“We now return (ostensibly) to our regularly scheduled programming.”
In case you haven't noticed, I haven't been doing much writing lately, at least not here.
Several things contributed to the dry spell.
For the past three years, my readership has steadily dropped. This past year, in particular, has seen it go to about one-fourth of what it was previously. Obviously it didn't help that I wasn't writing as much, but there was more to the decision (or should I say, the indecision?) than that.
The Other “Francis Effect”
The reign of Pope Francis, whatever one might think of him, has created more internecine infighting in the past two years or more, both in the Catholic blogosphere, and in social media, than one could possibly imagine. It is virtually impossible to comment with any authority on anything he says and/or does, on any given day, without arousing the indignation of some yutz who read something, somewhere, God-only-knows-where, that I didn't have time to read, probably because I have a life. And even if I did, a Vatican press office that is out of control, and a pope who speaks off the cuff whenever a microphone appears within spittin' distance, renders it equally impossible to know who or what to believe. Francis has been misquoted any number of times, and for those occasions where he is not misquoted, the account often starts with a headline that is very misleading. It is true that at times he has spoken most clearly on the nature of sin and the reality of the Evil One. Perhaps his finest hour was when he appeared before a joint session of Congress, and warned American legislators that the family was in danger (although he failed to include the unborn, as if it would have killed him to do so), that in a culture that encouraged divorce, a growing number of young people were genuinely afraid of the idea of marriage. The good news is that he has actually committed no formal heresy to date.*
All that aside, Pope Francis tends to make extemporaneous comments with little forethought, even by his own admission. We find it difficult to imagine what may come over a man in such a responsible position, until we consider not only that such public dissemination of spontaneous remarks by a pope are a very recent phenomenon (and by virtue of this, for all we know, might be nothing new at all). The reality is that not every pope can be a rock star like John Paul II, or a well-published scholar like Benedict XVI. Many of the 266 men who have reigned as Vicar of Christ are merely the most ordinary of men, as was the foul-mouthed Fisherman who was the very first of them.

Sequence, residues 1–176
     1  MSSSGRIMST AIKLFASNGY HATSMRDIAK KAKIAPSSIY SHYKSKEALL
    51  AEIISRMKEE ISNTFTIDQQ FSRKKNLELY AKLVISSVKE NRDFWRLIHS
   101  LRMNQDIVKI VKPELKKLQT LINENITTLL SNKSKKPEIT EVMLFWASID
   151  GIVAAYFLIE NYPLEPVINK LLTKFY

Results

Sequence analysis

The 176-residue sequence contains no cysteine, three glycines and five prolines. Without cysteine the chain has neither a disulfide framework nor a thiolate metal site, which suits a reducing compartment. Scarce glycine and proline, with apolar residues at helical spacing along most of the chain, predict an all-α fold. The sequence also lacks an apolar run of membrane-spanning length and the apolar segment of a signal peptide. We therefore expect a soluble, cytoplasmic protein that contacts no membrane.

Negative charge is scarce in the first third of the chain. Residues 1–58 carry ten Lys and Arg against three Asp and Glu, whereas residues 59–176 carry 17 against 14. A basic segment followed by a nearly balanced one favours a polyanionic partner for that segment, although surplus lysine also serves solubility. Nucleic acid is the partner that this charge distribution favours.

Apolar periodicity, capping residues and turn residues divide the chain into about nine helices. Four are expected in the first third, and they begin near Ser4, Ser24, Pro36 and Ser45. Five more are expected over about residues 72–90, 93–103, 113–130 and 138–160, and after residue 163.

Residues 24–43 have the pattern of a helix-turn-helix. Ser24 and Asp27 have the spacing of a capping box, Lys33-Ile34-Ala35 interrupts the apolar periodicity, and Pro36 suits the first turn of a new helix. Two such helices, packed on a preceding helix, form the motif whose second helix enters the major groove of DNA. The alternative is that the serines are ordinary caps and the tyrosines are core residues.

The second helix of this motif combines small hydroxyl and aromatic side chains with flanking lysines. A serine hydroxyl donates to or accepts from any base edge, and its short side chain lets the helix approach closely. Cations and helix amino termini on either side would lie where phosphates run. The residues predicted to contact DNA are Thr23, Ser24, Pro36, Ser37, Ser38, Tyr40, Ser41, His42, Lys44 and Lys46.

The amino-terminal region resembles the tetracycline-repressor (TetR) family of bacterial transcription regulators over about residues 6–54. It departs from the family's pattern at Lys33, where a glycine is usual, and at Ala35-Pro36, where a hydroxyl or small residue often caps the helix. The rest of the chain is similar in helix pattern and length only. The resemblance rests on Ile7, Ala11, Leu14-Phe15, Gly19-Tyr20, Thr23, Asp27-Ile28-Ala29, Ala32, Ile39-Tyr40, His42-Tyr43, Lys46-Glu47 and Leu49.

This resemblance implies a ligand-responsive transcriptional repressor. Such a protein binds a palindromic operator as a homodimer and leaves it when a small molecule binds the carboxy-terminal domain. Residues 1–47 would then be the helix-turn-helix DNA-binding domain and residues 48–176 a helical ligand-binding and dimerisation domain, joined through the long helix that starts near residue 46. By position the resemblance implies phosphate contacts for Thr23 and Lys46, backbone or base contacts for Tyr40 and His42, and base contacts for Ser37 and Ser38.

His studies amount to nothing substantial. The Jesuits [in Argentina] have no professors worthy of the name, the subjects were tossed about in an unscholarly manner, the philosophy would never be properly taught ... The liturgy was perfectly awful, no one knew Latin, Scriptural Studies were little less than a sham ... So what does Bergoglio know? With that sort of training, pretty much nothing. No Latin, no languages at all, for that matter. His Italian is awful, not a word of English, no French, let alone his clumsy Spanish! (I wonder what on earth he studied in Germany for a couple of months, as is reported, because, for that matter, he knows no German either. And he certainly did not earn a degree over there.)
Well, then, how come he was elected Pope? Search me.
The remark that seems to irk people the most, is when it appears that faithful Catholics are depicted as "pharisees," or worse. It's one thing to preach on this theme in the first person plural, quite another to do so in the second or third person plural. It brings to mind the way in which Father Paul Scalia once began a homily on the parable of the Pharisee and the Publican:
"I know what all of you are thinking right now: 'I'm glad I'm not like that Pharisee.' And that's the trap that we fall into …"
One of the resulting "effects" that I've noticed on the internet, has been the drawing of a form of battle lines among pundits. Make a comment that's strident enough, one way or the other, and you'll quickly be consigned to one ideological camp or another. You're either in the Mark Shea camp, or the Michael Voris camp. Being pushed over the edge with the latter might put you in the Michael Matt/Chris Vennari camp. (There may be other camps, but that seems to be the trifecta so far.)
Shea wants to bring home the point that Catholics, particularly those who identify as "orthodox" or "faithful," too easily confine themselves to a secular political identity, which has proven contrary to any genuine examination of Church teaching, especially on social justice issues. Whether his vitriol has proven too weary to be effective, or just plain obnoxious, has long been a matter of some conjecture. Meanwhile, a lot of traditional Catholics were totally gung-ho for Voris and his ChurchMilitant.com apostolate, until he broke with the conventional narrative, particularly in his coverage of the papacy, and he's been castigated by his former allies ever since. (That would be the third camp.) It is an ambitious effort that is emerging as the next EWTN, but the risk is one of forming around a single personality, which has been the downfall of many a lay apostolate.
This is the tempest in the teapot that many want to follow. Those who choose not to, who would rather venture elsewhere, risk getting drowned out amidst this cacophony. At some point, what is the point?
The “Catholic Celebrity” Phenomenon
We all know that life isn't fair, and that some endeavors will be more successful than others. It's to the really great writers that people look for answers, for explanations, for insights. In matters of faith, it's not only priests who are sought on the internet. Any number of lay men and women have found their voice amidst the bandwidth. Some are mere hobbyists, while others are seasoned professionals. In the early years of the Catholic blogging phenomenon, the best-known bloggers were already established in the Catholic print media, either as authors or columnists. A separate subset, if one that overlaps, was that of the high-profile convert. Maybe they were once an atheist, or an Evangelical pastor, or even a High Priest of the Church of Satan. They are no sooner bestowed with the gifts of the Holy Spirit, barely emerging from the ranks of the catechumate, than they are touted as experts on the subject. The angels and saints in truly rejoice with the news that a lost sheep has been found, but here on earth below, the buzz is often less about the conversion, and more about the converted. It's pretty obvious if you know where to look, or just wait for the obvious. An entire church publishing industry enables this dabbling of dilettantes, so good are they for business. And so it carries on.